Esper announces new initiatives to boost U.S. position in AI race

Mark T. Esper speaks during his Full Honors Welcome Ceremony at the Pentagon, Washington, D.C., July 25, 2019. (DOD / Lisa Ferdinando)

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Secretary of Defense Mark Esper issued a warning to adversaries Wednesday: the U.S. military will adopt artificial intelligence first, and do so ethically.

Department of Defense officials have spoken ad nauseam about their desires to harness the power of AI in an ethical manner. Esper himself previously said it could “change the character of warfare.” But Wednesday, during the Joint AI Center’s AI Symposium, Esper spoke on the matter with more conviction, declaring that the U.S.’s goal to field AI for military use before competitors will indeed become a reality.

The stakes are high, Esper said. If America isn’t the first to adopt AI for military use, it risks letting other world powers with flawed morals use the technology in unethical ways. “We cannot afford to cede the high ground to revisionist powers intent on bending, breaking or reshaping international rules or norms in their favor,” he said of the need to field AI first.

During his remarks, Esper announced new initiatives the department has undertaken to boost its development of AI, including the planning of full-fledged live tests of AI-controlled warfighting aircraft, building off recent virtual tests. These tests implementing AI into dogfights would put algorithms in the cockpit of a tactical plane — a major step toward a future where AI is more deeply intertwined into the so-called “kill chain.”

Esper added that the DOD is intent on thinking about the ethics and implications of these moves. “AI’s role in our lethality is to support human decision-makers, not replace them,” he said.

Other initiatives Esper spoke of focused on ensuring the ethical development and use of AI both in the U.S. and abroad. He said the U.S. will lead the way with its ethical principles for AI and take allies along with it.

Next week, the JAIC will launch a 10-country initiative with allies for military-to-military engagements that focus on incorporating ethical principles into the AI development pipeline, Esper said. He called it the “AI Partnership for Defense.”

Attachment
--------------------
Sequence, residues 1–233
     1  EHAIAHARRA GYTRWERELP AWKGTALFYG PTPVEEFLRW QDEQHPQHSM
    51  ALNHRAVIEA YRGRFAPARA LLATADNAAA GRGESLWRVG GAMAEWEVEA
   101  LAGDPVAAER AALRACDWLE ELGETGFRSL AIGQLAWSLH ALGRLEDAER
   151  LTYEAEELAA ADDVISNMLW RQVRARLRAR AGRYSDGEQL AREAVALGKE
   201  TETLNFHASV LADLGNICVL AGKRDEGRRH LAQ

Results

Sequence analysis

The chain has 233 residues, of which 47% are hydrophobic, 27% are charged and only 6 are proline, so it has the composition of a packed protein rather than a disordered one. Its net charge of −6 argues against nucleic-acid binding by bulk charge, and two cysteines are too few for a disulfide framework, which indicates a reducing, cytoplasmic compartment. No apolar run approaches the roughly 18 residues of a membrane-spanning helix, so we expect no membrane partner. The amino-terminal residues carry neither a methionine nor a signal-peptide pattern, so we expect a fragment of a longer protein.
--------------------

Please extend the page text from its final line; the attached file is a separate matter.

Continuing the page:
“The principles make clear to the American people, and the world, that the United States will once again lead the way with the responsible development and application of emerging technologies,” Esper said, adding that the department intends to grow the program and invite more countries over time.

The DOD is also looking internally to grow its ethical bona fides. Esper reiterated the importance of JAIC initiatives, like the Responsible AI Champions program and other DOD-wide ethics initiatives that the center is working to scale across the military services and components.

The JAIC, along with the Defense Acquisition University and Naval Postgraduate School, will also offer a six-week intensive course on applying AI and data science to a range of military operations and logistical challenges. The course is in the pilot stage now but falls in line with announcements from the military branches to increase AI-specific educational opportunities for service members.

“We see AI as a tool to free up resources, time and manpower so our people can focus on higher priority tasks and arrive at the decision point … faster and more precise than the competition,” Esper said.

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artificial intelligence (AI), China, Department of Defense (DOD), Joint Artificial Intelligence Center (JAIC), Mark Esper, Russia
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